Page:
New York City’s sprawling commercial waste system performs significantly worse on recycling and efficiency than previously believed. Under an inefficient and ad-hoc arrangement that developed over the past several decades, hundreds of private hauling companies collect waste from restaurants, stores, offices, and other businesses nightly and truck it to dozens of transfer stations and recycling facilities concentrated in a handful of low-income communities of color. This waste is then transferred to long-haul trucks and hauled to landfills as far away as South Carolina. Previously unpublished studies and new data reveal just how chaotic this system is and make clear that fundamental reform is needed if we are to follow through on the City’s recently adopted commitment to reduce greenhouse gas (GHG) emissions by 80% by 2050.
This report details a platform of 10 bold proposals for moving toward 80x50 that make our city more resilient, create nearly 40,000 good jobs each year, and cut our annual greenhouse gas emissions by nearly 12 mil¬lion metric tons of carbon equivalent. New York City must reduce its emissions by 36 million metric tons by 2050. Our plan points the way to achieving one-third of this goal. Putting 40,000 people to work would reduce our unemployment rate by 14 percent and help struggling families to be more resilient in the face of climate change and its disrupting consequences.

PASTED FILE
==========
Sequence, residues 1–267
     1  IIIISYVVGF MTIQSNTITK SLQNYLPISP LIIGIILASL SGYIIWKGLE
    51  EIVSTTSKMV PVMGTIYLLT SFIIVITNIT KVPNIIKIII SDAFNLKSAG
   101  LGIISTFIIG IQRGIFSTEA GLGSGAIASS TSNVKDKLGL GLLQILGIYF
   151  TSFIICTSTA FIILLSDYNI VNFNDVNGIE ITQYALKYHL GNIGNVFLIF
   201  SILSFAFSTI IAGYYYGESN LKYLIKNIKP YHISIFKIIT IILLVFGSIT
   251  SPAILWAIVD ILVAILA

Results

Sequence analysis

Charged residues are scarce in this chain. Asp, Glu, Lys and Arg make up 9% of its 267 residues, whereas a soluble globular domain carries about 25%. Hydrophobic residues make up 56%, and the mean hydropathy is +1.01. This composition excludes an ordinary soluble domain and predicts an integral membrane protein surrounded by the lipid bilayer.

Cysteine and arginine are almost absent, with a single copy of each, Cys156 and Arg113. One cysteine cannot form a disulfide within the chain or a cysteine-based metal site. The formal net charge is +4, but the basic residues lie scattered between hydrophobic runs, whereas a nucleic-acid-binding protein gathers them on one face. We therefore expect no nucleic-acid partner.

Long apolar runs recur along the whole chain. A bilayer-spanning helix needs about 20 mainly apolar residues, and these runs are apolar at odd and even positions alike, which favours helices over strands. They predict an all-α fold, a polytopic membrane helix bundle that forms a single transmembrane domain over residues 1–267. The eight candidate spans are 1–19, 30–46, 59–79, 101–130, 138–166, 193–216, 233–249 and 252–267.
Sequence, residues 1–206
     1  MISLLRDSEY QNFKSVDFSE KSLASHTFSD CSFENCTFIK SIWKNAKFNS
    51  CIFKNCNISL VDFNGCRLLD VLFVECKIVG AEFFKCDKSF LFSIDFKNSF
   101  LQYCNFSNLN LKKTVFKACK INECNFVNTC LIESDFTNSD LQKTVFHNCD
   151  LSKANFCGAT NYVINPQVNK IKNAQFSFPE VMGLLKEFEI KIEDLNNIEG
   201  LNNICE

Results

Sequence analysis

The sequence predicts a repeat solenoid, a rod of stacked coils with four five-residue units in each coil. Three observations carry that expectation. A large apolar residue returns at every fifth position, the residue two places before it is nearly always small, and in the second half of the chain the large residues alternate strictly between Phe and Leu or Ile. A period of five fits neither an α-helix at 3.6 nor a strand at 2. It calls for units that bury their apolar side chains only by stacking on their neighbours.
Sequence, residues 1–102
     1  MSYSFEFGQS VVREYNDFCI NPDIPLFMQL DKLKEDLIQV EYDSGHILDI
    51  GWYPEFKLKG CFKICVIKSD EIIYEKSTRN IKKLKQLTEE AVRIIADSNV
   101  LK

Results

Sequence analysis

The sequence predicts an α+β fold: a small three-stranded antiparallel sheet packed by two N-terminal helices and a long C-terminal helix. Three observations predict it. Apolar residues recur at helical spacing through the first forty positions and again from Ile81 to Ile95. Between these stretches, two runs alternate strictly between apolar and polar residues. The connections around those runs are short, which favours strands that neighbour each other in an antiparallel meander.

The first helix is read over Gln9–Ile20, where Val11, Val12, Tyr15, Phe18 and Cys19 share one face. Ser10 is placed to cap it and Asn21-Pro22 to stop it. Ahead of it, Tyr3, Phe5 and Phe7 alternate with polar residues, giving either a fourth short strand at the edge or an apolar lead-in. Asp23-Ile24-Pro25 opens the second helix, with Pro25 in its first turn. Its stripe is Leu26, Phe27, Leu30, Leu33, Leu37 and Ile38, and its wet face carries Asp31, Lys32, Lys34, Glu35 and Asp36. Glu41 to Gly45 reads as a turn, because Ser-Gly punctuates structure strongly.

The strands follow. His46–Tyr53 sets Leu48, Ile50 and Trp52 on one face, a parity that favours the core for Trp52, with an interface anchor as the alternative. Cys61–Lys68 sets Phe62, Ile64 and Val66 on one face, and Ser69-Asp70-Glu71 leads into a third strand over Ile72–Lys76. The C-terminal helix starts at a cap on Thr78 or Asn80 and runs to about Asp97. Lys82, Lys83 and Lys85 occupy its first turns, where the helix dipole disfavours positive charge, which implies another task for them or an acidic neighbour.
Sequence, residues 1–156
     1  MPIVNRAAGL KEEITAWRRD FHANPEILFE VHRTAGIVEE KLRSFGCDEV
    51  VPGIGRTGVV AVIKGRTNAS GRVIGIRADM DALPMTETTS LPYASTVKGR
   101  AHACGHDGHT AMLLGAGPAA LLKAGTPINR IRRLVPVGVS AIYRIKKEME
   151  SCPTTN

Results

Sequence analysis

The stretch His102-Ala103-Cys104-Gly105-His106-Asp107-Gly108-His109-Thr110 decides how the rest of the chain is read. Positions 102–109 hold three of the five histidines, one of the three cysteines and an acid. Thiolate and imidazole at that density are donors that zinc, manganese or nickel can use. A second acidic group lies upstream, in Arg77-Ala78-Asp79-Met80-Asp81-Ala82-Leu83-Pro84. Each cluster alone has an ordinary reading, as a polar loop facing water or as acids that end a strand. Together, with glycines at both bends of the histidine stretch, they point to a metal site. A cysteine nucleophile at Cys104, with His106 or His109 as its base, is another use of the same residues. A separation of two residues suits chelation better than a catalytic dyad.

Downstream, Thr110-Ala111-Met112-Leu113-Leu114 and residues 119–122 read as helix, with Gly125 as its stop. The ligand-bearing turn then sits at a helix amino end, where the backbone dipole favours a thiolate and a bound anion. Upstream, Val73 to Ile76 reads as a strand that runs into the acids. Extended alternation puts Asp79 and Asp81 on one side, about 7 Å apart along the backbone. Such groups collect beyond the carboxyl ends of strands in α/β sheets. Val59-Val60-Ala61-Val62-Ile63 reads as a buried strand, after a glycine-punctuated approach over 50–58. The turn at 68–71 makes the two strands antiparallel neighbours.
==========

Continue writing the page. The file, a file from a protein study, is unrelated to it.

This powerful video features City Council Member and Sanitation Committee Chair Antonio Reynoso, small business owners, private sanitation workers and young people and advocates from environmental justice communities discussing the negative impacts that the city’s outdated waste system has on them, as well as solutions to create good jobs and clean and safe communities for all New Yorkers.
We organized the largest march for climate action in history. With over 400,000 attendees on September 24th and millions of others united in actions around the world, the People's Climate March drew attention to the climate crisis and built a movement between environmental justice, labor and community organizations.